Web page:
One thing I’ve certainly learned since I’ve been researching this whole kidney transplant thing, it’s certainly not like running out to the grocery real quick. It’s a long timely process, and if you’re very lucky it’ll work for you. There are a ton of hurdles along the way, and even getting to the end game doesn’t promise you anything. So in short, any naive thoughts I had about being on dialysis for a short stretch then getting a transplant was quickly kaboshed with a little research and talking to my doctor. However, the good news is it’s totally doable with the leg work.
A few weeks back I received my initial Transplant packet from IU Health. I basically just filled out a bunch of paperwork and mailed it back in. The letter inside mentioned several health screening tests I had to take, such as cardiac stress test, chest X ray, colonoscopy, etc. They basically are checking me from head to toe to make sure I’m even eligible to be an organ recipient. My doctor said I’m a very healthy guy so I’ll have no problems passing these tests, so I’m not worried about that. I haven’t taken any of these tests yet, I’m still waiting on IU Health to set them up for me.
I talked to my nephrologist about the whole process, he told me it takes 2-5 years from start to finish to receive a donor kidney. There are a lot of things that have to happen your way in that time period, but it’s possible and happens.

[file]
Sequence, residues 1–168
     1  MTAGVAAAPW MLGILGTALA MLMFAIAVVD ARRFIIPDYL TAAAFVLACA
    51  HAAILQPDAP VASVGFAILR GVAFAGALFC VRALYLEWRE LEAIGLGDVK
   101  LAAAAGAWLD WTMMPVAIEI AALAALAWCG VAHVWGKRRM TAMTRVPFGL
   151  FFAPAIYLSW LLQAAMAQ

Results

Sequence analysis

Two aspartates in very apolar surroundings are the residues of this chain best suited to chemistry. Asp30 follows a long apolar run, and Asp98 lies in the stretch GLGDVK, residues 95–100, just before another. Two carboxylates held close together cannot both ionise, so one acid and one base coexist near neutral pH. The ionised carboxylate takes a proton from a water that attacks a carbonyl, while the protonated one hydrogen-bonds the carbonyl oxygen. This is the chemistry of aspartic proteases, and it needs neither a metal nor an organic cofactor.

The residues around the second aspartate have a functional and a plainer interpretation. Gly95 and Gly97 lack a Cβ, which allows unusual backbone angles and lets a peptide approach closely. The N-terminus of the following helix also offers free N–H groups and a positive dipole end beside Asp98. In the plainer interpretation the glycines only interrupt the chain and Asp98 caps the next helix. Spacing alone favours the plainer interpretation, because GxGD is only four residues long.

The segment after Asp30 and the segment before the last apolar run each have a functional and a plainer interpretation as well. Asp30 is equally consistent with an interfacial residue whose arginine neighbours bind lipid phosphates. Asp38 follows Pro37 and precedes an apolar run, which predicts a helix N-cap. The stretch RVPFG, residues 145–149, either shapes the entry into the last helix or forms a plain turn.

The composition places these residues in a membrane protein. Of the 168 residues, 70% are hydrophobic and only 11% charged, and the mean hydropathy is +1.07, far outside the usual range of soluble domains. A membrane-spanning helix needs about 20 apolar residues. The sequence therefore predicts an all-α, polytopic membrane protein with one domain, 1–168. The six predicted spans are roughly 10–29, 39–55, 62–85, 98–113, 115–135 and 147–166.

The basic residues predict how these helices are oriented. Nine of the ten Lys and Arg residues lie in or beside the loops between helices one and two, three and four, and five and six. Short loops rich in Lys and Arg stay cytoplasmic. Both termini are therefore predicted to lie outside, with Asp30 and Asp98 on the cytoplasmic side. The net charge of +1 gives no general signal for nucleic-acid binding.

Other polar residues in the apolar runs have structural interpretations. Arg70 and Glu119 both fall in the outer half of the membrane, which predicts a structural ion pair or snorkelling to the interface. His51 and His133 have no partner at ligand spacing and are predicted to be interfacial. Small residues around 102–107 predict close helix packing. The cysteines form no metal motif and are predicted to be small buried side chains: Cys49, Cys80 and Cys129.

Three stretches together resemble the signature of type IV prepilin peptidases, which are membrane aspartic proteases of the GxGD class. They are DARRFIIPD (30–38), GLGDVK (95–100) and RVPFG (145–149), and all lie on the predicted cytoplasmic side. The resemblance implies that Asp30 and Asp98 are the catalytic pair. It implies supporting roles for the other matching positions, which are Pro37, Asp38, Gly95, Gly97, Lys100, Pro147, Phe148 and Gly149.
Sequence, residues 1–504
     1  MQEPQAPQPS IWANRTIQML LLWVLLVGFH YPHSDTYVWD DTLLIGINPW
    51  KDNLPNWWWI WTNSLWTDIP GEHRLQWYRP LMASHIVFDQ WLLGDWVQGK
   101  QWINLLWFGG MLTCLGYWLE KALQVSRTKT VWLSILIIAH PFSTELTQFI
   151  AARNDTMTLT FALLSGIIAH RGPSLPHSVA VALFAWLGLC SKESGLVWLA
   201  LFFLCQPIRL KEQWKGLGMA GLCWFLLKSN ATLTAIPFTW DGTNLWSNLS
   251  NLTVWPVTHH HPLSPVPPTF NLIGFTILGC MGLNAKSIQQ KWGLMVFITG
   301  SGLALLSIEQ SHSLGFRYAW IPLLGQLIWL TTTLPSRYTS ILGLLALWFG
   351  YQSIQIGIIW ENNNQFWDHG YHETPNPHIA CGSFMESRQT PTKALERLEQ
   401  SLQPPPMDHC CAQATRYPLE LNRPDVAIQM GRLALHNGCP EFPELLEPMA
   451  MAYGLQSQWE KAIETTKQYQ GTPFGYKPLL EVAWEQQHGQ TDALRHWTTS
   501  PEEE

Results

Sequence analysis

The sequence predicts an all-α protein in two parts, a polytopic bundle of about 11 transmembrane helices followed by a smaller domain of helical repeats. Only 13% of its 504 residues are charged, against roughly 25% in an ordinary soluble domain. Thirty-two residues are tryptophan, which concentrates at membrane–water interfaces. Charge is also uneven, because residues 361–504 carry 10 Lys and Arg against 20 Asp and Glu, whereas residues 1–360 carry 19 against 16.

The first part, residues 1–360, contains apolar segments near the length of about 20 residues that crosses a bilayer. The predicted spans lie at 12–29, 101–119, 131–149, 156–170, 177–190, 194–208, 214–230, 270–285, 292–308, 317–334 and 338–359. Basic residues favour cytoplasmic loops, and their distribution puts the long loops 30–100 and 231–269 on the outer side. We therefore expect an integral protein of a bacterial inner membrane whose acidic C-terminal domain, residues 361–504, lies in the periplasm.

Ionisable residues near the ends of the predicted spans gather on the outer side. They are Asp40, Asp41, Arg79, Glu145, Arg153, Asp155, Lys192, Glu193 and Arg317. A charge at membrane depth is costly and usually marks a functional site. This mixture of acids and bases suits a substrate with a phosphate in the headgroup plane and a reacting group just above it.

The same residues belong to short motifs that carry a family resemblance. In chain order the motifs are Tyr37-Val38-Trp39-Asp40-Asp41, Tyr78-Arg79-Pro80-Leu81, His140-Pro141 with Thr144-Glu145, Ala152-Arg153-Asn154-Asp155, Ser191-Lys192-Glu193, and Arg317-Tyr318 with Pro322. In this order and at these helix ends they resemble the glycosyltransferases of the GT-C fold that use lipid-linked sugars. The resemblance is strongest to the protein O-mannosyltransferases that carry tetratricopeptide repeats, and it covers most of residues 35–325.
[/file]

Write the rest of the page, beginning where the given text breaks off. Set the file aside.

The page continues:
The big “test” when finding a closely matching donor come from 3 areas. Blood Type, HLA Testing, and Antibodies.
First, you must have a matching blood type. Since I am “A negative”, my matching types are any “A” or “O”.
Next – HLA. The fancy word for HLA is “human leukocyte antigen”. We’ll just stick with calling it HLA. Anyway, this test identifies the major HLA genes a person has inherited from their mother and father, and the corresponding antigens (proteins) that are present on the surface of their cells. These antigens help your immune system determine which cells are “self” and which ones are “non self”. Any cells that are considered “non self” can trigger an immune response against them.
Finally, there are Antibodies. Your immune system may produce antibodies that react specifically against something in the donor’s tissues. If no reaction occurs when combining them in a tube, you should be able to accept the kidney.
In other words, the antigens and antibodies in your body are the whistle blowers of the block – they are on the front line, and call for backup to ward off anybody trying to invade your turf. This is a fantastic thing to have – as we’d all be sick or dead without it. However this same defense system also tries to attack donor organs. While our outer mind knows the organ is OK, our inner immune system sees it as an intruder.
This is why you need to find the closest matching Blood Type, HLA profile, and Antibodies to yours as you can. This, along with some Immunosuppressant drugs (drugs that reduce your immune system), allows you to put someone else’s organ into your own body.
How do you find the closest match to your own as you can?
My doctor broke it down into 3 categories, ranked by preference/odds of success:
- Living Related. This is the most favorable kidney donor. This is from a parent, sibling, cousin, or other closely related person. Since your HLA profile combination is inherited from your mother and father, chances are better that a closely related person would be a better match for you. Granted, nobody is going to be an exact match (the closest would be if you had an identical twin), but this is still the best category out there.
- more control over timing of transplant
- tend to be better matches
- waiting time reduced
- however sometimes difficult because if it’s a genetic disease, other family members may be affected as well.